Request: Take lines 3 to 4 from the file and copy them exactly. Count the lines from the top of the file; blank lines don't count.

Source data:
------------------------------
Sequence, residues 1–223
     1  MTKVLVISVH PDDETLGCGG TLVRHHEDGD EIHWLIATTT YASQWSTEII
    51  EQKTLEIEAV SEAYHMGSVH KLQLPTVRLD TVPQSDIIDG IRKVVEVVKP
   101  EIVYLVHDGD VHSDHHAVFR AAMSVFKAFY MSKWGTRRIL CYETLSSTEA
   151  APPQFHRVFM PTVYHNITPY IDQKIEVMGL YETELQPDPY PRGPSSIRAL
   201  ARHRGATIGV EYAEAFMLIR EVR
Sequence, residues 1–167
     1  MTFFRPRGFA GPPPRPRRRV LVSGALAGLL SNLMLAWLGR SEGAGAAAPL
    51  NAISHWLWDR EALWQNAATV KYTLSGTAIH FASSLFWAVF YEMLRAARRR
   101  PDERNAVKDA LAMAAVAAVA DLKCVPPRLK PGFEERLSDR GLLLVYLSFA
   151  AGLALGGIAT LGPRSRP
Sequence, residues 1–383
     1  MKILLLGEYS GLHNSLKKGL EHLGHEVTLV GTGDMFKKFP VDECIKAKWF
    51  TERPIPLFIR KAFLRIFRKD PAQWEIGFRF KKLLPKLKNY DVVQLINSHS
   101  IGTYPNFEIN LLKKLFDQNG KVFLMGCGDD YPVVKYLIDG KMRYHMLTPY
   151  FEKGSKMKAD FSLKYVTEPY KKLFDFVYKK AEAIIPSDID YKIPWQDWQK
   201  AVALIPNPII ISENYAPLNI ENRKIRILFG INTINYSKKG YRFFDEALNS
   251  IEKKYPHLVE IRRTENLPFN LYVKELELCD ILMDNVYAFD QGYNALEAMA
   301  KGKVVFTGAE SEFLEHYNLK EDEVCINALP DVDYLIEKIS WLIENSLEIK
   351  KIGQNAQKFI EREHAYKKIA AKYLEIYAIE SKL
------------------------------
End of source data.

    51  EQKTLEIEAV SEAYHMGSVH KLQLPTVRLD TVPQSDIIDG IRKVVEVVKP
   101  EIVYLVHDGD VHSDHHAVFR AAMSVFKAFY MSKWGTRRIL CYETLSSTEA